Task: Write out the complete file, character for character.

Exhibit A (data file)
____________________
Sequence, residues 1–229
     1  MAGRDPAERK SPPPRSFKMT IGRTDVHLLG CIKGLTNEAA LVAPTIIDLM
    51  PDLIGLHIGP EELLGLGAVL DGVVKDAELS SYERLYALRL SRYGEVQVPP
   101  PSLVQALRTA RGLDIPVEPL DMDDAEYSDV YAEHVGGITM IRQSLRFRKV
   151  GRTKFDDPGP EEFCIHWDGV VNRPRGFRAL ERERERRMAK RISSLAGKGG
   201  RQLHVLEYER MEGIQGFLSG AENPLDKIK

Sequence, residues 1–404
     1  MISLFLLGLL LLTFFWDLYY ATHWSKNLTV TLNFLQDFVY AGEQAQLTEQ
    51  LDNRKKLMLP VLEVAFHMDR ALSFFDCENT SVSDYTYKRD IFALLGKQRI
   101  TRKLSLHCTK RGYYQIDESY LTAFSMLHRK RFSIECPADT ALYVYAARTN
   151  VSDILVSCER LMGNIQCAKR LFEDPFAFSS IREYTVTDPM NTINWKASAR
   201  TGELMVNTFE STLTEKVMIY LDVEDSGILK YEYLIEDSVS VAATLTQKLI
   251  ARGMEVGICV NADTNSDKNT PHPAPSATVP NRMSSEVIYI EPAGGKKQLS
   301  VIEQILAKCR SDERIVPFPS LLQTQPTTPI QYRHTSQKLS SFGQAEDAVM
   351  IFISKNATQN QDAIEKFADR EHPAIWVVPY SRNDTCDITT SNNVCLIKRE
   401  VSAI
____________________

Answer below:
Sequence, residues 1–229
     1  MAGRDPAERK SPPPRSFKMT IGRTDVHLLG CIKGLTNEAA LVAPTIIDLM
    51  PDLIGLHIGP EELLGLGAVL DGVVKDAELS SYERLYALRL SRYGEVQVPP
   101  PSLVQALRTA RGLDIPVEPL DMDDAEYSDV YAEHVGGITM IRQSLRFRKV
   151  GRTKFDDPGP EEFCIHWDGV VNRPRGFRAL ERERERRMAK RISSLAGKGG
   201  RQLHVLEYER MEGIQGFLSG AENPLDKIK

Sequence, residues 1–404
     1  MISLFLLGLL LLTFFWDLYY ATHWSKNLTV TLNFLQDFVY AGEQAQLTEQ
    51  LDNRKKLMLP VLEVAFHMDR ALSFFDCENT SVSDYTYKRD IFALLGKQRI
   101  TRKLSLHCTK RGYYQIDESY LTAFSMLHRK RFSIECPADT ALYVYAARTN
   151  VSDILVSCER LMGNIQCAKR LFEDPFAFSS IREYTVTDPM NTINWKASAR
   201  TGELMVNTFE STLTEKVMIY LDVEDSGILK YEYLIEDSVS VAATLTQKLI
   251  ARGMEVGICV NADTNSDKNT PHPAPSATVP NRMSSEVIYI EPAGGKKQLS
   301  VIEQILAKCR SDERIVPFPS LLQTQPTTPI QYRHTSQKLS SFGQAEDAVM
   351  IFISKNATQN QDAIEKFADR EHPAIWVVPY SRNDTCDITT SNNVCLIKRE
   401  VSAI